While most countries went into lockdown as Kovid-19 spread rapidly around the world, Sweden took a different approach and allowed controlled spread of coronovirus among populations in efforts to regain herd immunity.
They relied on individuals for social distance responsibly and were slowing the spread of the disease, but, according to a new study published by Journal of the Royal Society of Medicine, This decision has failed.
“It is clear that not only is the rate of viral infection, hospitalization, and mortality (per million population) much higher than that observed in neighboring Scandinavian countries, but also that the time period of the epidemic in Sweden is different , Infection and mortality over a period of a few significant weeks seen in Denmark, Finland and Norway with continued persistence, well, said lead author Professor David Goldsmith.
Herd immunity occurs when enough people, like Kovid-19, are afflicted with a disease that the disease cannot easily transmit and thus indirectly provides protection.
This can be achieved either through vaccination or if enough people catch the disease and develop immunity.
Health officials predicted that 40% of Stockholm’s population may have the disease by May 2020 and antibodies have been acquired. According to the study, the actual prevalence figure is only 15%.
He also noted that Sweden had higher viral infections, hospitalizations, and mortality than neighboring countries.
Goldsmith said that countries where rapid lock-down measures had been in place since the beginning of March appear to be more successful in curbing the growth of infection initially and thus leading to fatal consequences of Kovid-19 across the country Huh.
Sweden faced considerable criticism for its controversial decision, especially when the death rate per 100,000 still surpassed the US in July.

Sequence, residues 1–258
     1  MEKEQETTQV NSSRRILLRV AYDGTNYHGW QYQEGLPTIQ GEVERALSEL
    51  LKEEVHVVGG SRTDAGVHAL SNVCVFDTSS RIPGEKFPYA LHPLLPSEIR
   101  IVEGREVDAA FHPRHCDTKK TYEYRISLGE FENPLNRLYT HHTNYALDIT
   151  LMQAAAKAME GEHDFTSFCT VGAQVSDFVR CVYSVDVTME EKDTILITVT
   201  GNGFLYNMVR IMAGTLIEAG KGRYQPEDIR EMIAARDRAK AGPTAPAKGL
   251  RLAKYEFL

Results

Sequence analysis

Nevertheless, Sweden’s state epidemiologist, Anders Tegenel, has continued to stand by his decision.
Last month he said in an interview that there was still “no strong evidence that a lockdown would have made such a difference”. However, he admitted that many had died.
Swedish Prime Minister Stefan Löfven also stands still with the strategy, stating in July that he has no doubt that his country’s highly controversial strategy to fight Kovid-19 is justified.
“The strategy is right, I’m absolutely confident about it,” he said in an interview with Aftonblat.
And he may be right.
As many experts point out, it is still too early to tell which epidemic strategy would be best in the long run.
The authors note that it will not be possible until two years after the epidemic that we can tell which method is most effective.
But new evidence is beginning to emerge that herd immunity may be more difficult than thought.
For example, clinical and research findings suggest, only severely infected Kovid-19 patients receive antibodies in the immediate and early recovery phase of their disease.
Preliminary research has shown that immunity, even in those who were severely infected, may fade after a few weeks and we have seen cases of reinfection.
Research also shows that antibodies are found only rarely in mildly ill or asymptomatic patients, meaning that they are not very low immune, and therefore cannot prevent the spread of infection among the community.
However, according to MIT Technology Review, “Antibodies are not the only way people can fight Kovid-19. T cells, which detect and destroy cells infected with SARS-CoV-2, may also provide some protection.”
The second problem is the number of people who need to catch Kovid-19, which currently exceeds it.
Most experts estimate that between 40 and 80% of the population require infection. However, James Hamblin reported in The Atlantic, “Coronavirus’s effects are not linear. The virus affects individuals and populations in very different ways. ”
“People are exposed to different amounts of viruses from different routes, in different contexts. A virus that is new to the species produces more diversity in immune responses, ”he wrote.
“Some of us are more likely to be infected, and some are more likely to transmit the virus if infected. Even small differences in individual sensitivity and transmission, as with any chaotic event, can give rise to very different results as an impact compound over time on an epidemic scale. “
In other words, the amount of people needing to expose the virus to slow it down may be very low.
Gabriella Gomes, a researcher who studies chaos at the University of Strathclyde, told Hamblin that we only need 20% of people to be immune to see Kovid’s broadcast decline.
Except for the small fact that seems almost achievable that no one wants to catch it.
Devi Sridhar, professor of global public health at the University of Edinburgh, told NPR: “Nobody wants to be part of the herd”.
And it is most likely that any attempt to reach herd immunity will fail.